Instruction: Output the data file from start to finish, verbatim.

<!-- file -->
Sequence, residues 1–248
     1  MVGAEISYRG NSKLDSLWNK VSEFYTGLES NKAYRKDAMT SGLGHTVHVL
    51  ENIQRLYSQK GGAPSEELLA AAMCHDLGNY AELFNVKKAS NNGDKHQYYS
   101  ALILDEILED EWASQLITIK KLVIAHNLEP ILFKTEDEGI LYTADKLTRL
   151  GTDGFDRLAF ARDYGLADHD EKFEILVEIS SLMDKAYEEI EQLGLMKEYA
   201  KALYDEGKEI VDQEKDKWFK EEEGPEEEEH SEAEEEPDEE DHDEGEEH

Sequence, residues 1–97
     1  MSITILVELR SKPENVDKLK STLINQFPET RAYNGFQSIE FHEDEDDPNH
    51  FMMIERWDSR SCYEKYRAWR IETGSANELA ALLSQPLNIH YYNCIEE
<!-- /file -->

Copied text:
Sequence, residues 1–248
     1  MVGAEISYRG NSKLDSLWNK VSEFYTGLES NKAYRKDAMT SGLGHTVHVL
    51  ENIQRLYSQK GGAPSEELLA AAMCHDLGNY AELFNVKKAS NNGDKHQYYS
   101  ALILDEILED EWASQLITIK KLVIAHNLEP ILFKTEDEGI LYTADKLTRL
   151  GTDGFDRLAF ARDYGLADHD EKFEILVEIS SLMDKAYEEI EQLGLMKEYA
   201  KALYDEGKEI VDQEKDKWFK EEEGPEEEEH SEAEEEPDEE DHDEGEEH

Sequence, residues 1–97
     1  MSITILVELR SKPENVDKLK STLINQFPET RAYNGFQSIE FHEDEDDPNH
    51  FMMIERWDSR SCYEKYRAWR IETGSANELA ALLSQPLNIH YYNCIEE